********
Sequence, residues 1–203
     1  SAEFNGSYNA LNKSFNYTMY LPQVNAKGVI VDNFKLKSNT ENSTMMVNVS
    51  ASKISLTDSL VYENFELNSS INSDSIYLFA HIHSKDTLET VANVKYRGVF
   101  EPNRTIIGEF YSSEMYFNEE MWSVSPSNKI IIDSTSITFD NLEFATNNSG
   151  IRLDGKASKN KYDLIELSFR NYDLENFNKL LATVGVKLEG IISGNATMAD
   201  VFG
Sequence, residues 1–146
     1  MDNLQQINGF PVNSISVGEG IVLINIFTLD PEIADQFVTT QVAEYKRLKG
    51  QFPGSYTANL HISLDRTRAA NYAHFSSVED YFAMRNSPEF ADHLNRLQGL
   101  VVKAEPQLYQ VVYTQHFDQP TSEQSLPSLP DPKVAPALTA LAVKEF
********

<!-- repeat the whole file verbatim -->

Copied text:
Sequence, residues 1–203
     1  SAEFNGSYNA LNKSFNYTMY LPQVNAKGVI VDNFKLKSNT ENSTMMVNVS
    51  ASKISLTDSL VYENFELNSS INSDSIYLFA HIHSKDTLET VANVKYRGVF
   101  EPNRTIIGEF YSSEMYFNEE MWSVSPSNKI IIDSTSITFD NLEFATNNSG
   151  IRLDGKASKN KYDLIELSFR NYDLENFNKL LATVGVKLEG IISGNATMAD
   201  VFG
Sequence, residues 1–146
     1  MDNLQQINGF PVNSISVGEG IVLINIFTLD PEIADQFVTT QVAEYKRLKG
    51  QFPGSYTANL HISLDRTRAA NYAHFSSVED YFAMRNSPEF ADHLNRLQGL
   101  VVKAEPQLYQ VVYTQHFDQP TSEQSLPSLP DPKVAPALTA LAVKEF